Home » RWW Blog » Woodworking Tutorial – Chapter 8

Woodworking Tutorial – Chapter 8


Wall framing includes assembling of vertical and horizontal members that form the outside walls and partitions, or inside walls of the structure. This frame supports upper floors, ceilings and roof. It also serves as a nailing base for inside and outside wallcovering materials.

The term “system” commonly means methods and materials of construction. It is used in connection with floors , ceilings and roofs as well as walls. Included are the design of the framework as well as the wall covering materials and the method of applying them.

For example, a floor system includes;
1. The details of the sill construction.
2. Size and spacing of joists.
3. The kind of subflooring.
4. Application requirements.


The wall-framing members used in conventional construction include a sole plates ( bottom ), top plates, headers, and studs.Also included in the framing are partition locations with in the wall framing. Studs and plates are usually made from 2 x 4 lumber, while headers are made out of heavier lumber from 2 x 6 lumber up to and including 2 x 12 lumber.
Bracing used to be 1 x 4 lumber let into the studs on a 45 degree angle, from the top plate to the sole plate on the corners. However today the use of plywood or OSB is used to square the frame and also provides wind sheer bracing. In one story structures, studs are sometimes placed on 24″ O.C. ( on center ). However 16″ spacing is more commonly used.
Note extra studs are used ;
1. At corners of load bearing walls.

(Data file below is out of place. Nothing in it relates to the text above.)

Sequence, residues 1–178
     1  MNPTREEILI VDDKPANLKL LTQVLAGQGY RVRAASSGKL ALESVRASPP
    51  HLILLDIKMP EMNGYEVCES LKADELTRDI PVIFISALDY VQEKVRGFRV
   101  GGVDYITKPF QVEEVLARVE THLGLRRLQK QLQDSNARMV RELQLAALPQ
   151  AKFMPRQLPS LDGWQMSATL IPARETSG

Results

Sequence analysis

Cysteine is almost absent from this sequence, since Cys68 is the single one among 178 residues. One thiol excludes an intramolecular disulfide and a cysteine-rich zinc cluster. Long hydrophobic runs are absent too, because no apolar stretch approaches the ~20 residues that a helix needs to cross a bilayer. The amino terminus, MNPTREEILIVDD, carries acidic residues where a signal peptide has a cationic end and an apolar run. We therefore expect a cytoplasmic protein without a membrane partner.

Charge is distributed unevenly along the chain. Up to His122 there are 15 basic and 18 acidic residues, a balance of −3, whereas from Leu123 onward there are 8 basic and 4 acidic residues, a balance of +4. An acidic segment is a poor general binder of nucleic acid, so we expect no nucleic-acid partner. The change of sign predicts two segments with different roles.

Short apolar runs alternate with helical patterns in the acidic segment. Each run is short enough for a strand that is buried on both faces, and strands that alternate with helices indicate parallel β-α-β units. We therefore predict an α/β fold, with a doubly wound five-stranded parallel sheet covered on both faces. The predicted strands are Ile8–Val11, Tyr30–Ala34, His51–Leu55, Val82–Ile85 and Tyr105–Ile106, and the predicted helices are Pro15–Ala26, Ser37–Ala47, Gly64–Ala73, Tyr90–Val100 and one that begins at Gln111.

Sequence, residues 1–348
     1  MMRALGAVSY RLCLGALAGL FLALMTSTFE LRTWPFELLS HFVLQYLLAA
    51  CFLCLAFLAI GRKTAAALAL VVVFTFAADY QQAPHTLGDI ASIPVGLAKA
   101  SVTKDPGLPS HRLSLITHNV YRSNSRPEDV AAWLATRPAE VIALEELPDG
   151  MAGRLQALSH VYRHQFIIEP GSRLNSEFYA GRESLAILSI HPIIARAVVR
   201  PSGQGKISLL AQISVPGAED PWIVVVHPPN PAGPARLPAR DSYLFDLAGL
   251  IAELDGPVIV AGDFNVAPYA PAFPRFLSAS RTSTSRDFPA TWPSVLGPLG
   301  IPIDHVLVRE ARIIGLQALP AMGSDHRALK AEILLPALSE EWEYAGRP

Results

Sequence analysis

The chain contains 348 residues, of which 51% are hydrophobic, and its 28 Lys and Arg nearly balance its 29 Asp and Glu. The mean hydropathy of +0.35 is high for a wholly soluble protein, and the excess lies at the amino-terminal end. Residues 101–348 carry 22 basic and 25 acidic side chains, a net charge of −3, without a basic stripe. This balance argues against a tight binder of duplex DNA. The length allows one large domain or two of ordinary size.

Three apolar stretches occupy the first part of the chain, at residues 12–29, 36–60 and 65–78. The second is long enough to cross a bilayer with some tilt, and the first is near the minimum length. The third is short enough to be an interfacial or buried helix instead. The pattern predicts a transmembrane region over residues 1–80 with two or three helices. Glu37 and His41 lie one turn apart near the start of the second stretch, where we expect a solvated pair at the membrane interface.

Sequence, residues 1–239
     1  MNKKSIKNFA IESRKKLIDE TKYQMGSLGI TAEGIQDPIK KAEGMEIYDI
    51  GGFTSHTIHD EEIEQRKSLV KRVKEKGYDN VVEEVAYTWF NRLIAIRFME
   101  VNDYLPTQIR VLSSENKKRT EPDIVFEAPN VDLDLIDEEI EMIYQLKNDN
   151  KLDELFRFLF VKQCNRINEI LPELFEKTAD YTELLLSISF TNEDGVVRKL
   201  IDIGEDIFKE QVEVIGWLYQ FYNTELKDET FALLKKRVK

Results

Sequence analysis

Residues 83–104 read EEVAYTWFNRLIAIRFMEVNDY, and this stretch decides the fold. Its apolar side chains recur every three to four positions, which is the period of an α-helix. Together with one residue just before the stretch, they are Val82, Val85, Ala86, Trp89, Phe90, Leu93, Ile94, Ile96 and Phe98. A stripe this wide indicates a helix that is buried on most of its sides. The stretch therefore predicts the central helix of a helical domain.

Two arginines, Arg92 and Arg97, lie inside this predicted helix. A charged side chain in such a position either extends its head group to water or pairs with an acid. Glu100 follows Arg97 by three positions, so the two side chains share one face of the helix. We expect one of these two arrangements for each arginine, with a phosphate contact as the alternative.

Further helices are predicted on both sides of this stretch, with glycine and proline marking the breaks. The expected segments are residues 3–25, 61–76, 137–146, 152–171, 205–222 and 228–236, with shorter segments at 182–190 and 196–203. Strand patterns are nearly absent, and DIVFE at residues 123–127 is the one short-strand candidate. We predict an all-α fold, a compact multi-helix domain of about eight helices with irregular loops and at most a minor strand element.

2. At the sides of window and door openings.
3. Where an interior wall joins an outside wall.

Conventional stud spacing of 16″ and 24″ has evolved from years of established practice. It is based more on accommodating the wall covering materials than on the actual calculation of imposed loads.
Full length studs become cripple studs when they end because of an opening. Trimmer studs ( jack  studs ) stiffen the sides of an opening and support the header.They are secured to what is known as the King stud.

Wall framing lumber must be strong and straight with good nail-holding power. Warped lumber will not do the job, especially if the interior finish is drywall. Standard framing materials must be  no more than a 15% moisture content in order to be used in the framing of a structure.


Any of several methods can be used to form the outside corners of the wall frame. In platform construction the wall frame is usually assembled in sections on the rough floor and then raised. Corners are formed when the side wall and the end wall are joined. Usually a second stud is used in the side wall frame. It should be spaced  inward from the end stud with blocking between. Only straight studs should be used for this operation.

Some carpenters prefer to build the corners for platform construction seperately. They are set in place and carefully squared and braced before the wall sections are raised.


Where partitions meet the outside walls, it is essential that they be solidily fastened. This requires extra framing.

The framing must also be arrainged so inside corners provide a nailing surface for wall-covering materials. Several methods can be used to tie the walls together and provide the nailing surfaces needed:
1. Install extra studs in the outside wall. Attach the partition to them.
2. Insert blocking and nailers between the regular studs.
3. Use blocking between the regular studs and attach patenented back up clips to support inside wall coverings at the inside corners.

More on this chapter at a later date.